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The Independent Institute
Commentary

Why the U.S. Job Market Remains Terribly Bleak


Full time work is about to get scarcer. The reason? By hiring part-time workers who put in less than 30 hours per week, employers can avoid a mandate dictated by the new health reform law: either provide expensive health insurance or pay a fine equal to $2,000 per worker. Avoiding the mandate becomes even more attractive for low-wage employees, since they can get highly subsidized insurance in the newly created health insurance exchanges. According to the Wall Street Journal:

  • Darden Restaurants [parent of Red Lobster and Olive Garden] was among the first companies to say it was changing hiring in response to the health-care law.
  • Pillar Hotels & Resorts this summer began to focus more on hiring part-time workers among its 5,500 employees, after the Supreme Court upheld the health-care overhaul.
  • CKE Restaurants Inc., parent of the Carl’s Jr. and Hardee’s burger chains, began two months ago to hire part-time workers to replace full-time employees who left.
  • Home retailer Anna’s Linens Inc. is considering cutting hours for some full-time employees to avoid the insurance mandate if the healthcare law isn’t repealed.
  • In a July survey, 32% of retail and hospitality company respondents told [Mercer] that they were likely to reduce the number of employees working 30 hours a week or more.

Clearly the Affordable Care Act (ObamaCare) is a major factor holding back economic recovery. But it’s not alone. Other public policies enacted during the Obama administration’s first four years have been affecting the supply side of the market.

A new book by University of Chicago economist Casey Mulligan explains that through a major expansion of the welfare state we are paying people not to work:

[I]n the matter of a few quarters of 2008 and 2009, new federal and state laws greatly enhanced the help given to the poor and unemployed—from expansion of food-stamp eligibility to enlargement of food-stamp benefits to payment of unemployment bonuses—sharply eroding (and, in some cases, fully eliminating) the incentives for workers to seek and retain jobs, and for employers to create jobs or avoid layoffs.

Mulligan gives the example of a two earner couple—each earning $600 a week. After the wife gets laid off she obtains a new job offer, paying $500 a week. But after deducting taxes and work related expenses her take home pay would be $257. Since untaxed unemployment benefits total $289, clearly she is better off not working.

All in all, Mulligan estimates that about half the precipitous 2007-2011 decline in the labor-force-participation rate and in hours worked can be blamed on easier eligibility rules for unemployment insurance, food stamps and housing aid.

As Steve Moore writes in a review of Mulligan’s book:

The annual value in average benefits for not working rose to $14,000 per recipient in 2011—the high was $16,000 in 2009—up from $10,000 in 2007. Such increases were inversely related to changes in average hours worked. On average, Americans worked a stunning 120 fewer hours in 2009 than in 2007—the largest contraction in work effort of any recession since the Depression. Since 2009, work hours and labor-force participation have remained at record lows even though the recession officially ended in June 2009.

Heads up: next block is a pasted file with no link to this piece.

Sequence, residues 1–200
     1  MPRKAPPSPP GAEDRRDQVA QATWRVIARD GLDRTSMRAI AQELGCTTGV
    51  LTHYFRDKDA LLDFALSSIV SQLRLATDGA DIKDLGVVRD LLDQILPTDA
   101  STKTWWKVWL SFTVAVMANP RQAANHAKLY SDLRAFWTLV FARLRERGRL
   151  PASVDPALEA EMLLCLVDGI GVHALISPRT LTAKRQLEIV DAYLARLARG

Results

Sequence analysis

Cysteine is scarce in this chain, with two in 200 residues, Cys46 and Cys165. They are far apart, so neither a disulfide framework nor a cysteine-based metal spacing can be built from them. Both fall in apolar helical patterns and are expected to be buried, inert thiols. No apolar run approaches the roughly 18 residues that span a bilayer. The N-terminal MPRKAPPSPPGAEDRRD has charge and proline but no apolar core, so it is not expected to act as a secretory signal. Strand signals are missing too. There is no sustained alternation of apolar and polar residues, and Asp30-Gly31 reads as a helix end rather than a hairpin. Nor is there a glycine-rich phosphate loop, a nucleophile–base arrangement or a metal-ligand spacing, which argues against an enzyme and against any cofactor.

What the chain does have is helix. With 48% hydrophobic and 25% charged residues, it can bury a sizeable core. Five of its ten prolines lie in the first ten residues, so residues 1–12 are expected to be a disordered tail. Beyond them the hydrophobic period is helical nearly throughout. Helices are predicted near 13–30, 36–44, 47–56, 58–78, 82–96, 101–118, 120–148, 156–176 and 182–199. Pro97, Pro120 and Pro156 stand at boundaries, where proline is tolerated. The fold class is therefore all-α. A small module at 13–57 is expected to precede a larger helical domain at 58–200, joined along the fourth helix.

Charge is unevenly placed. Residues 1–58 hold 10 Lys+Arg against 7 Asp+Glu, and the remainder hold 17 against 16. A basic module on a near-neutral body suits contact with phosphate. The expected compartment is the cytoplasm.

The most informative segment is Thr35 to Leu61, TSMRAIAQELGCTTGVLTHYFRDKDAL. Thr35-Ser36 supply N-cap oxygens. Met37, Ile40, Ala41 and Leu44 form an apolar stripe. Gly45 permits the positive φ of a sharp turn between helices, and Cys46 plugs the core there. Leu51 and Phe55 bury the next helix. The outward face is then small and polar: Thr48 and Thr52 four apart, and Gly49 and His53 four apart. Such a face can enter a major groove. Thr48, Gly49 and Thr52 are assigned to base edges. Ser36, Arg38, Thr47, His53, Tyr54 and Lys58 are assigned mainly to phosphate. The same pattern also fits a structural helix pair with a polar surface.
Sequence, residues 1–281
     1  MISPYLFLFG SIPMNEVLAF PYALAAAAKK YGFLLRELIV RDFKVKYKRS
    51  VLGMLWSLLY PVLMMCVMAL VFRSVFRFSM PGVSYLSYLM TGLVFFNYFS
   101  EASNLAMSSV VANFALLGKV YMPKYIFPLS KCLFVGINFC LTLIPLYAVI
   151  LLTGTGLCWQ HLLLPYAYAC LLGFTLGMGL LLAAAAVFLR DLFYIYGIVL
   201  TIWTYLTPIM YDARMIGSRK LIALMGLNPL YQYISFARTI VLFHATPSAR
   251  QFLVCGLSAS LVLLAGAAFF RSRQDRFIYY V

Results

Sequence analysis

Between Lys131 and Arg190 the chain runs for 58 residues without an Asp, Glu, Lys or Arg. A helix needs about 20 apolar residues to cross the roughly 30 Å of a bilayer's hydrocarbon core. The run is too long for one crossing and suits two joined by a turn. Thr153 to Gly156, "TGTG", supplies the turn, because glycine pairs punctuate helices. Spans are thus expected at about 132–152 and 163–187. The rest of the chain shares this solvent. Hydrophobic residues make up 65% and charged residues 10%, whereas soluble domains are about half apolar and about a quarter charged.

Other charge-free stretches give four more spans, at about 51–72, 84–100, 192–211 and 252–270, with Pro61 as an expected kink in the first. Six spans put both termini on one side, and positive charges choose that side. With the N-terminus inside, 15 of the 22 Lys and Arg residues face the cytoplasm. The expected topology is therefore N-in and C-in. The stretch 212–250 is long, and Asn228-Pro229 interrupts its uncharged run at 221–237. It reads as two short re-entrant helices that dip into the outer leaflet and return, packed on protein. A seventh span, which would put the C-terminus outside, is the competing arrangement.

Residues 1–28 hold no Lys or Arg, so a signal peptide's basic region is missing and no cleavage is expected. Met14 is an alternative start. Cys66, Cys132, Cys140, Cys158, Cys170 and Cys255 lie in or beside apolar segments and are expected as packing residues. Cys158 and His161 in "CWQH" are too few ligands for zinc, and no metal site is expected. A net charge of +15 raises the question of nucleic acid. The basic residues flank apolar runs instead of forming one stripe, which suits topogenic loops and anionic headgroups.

Mulligan notes that it was the collapse of the housing market that set off the financial crisis that led to the Great Recession. But our problems are not confined to housing. They are systemwide. For every one job lost in construction, five others were lost is other sectors. One thing that affects all sectors, however, is overly generous incentives not to work.

Another frequently heard explanation for the slow recovery is the Keynesian idea that there has been a lack of consumer spending—which caused businesses to cut production and lay off workers. Yet:

Mulligan shows that, during the worst of the 2008-09 troubles, most sectors “outside of hard-hit construction and manufacturing...increased their use of production inputs other than labor hours.”...“Businesses perceive labor to be more expensive than it was before the recession began,” Mulligan writes. The reason for the added cost was that easier requirements for benefits—even as the government was pumping “stimulus” money into the economy— unwittingly reduced the supply of workers.

Meanwhile, health reform will require family coverage that is expected to average more than $15,000 a year. For $15 an hour employees, that sum equals more than half their annual wage. Unless they move to part-time employment or pay a hefty fine, employers of low-skilled workers are about to get hit with mandated benefit that will increase their labor costs by 50% or more.

To make matters worse, employers don’t really know what insurance they will have to provide or what it will cost. The $15,000 number I refer to is an estimate by the Congressional Budget Office. And even though employers will have the option of paying a $2,000 fine, does anybody think the fine is likely to stay that low?

The uncertainty created by all this is possibly worse than the actual monetary burden.


John C. Goodman is a Senior Fellow at the Independent Institute and President and Kellye Wright Fellow in Health Care at the National Center for Policy Analysis. The Wall Street Journal and the National Journal, among other media, have called him the “Father of Health Savings Accounts.”

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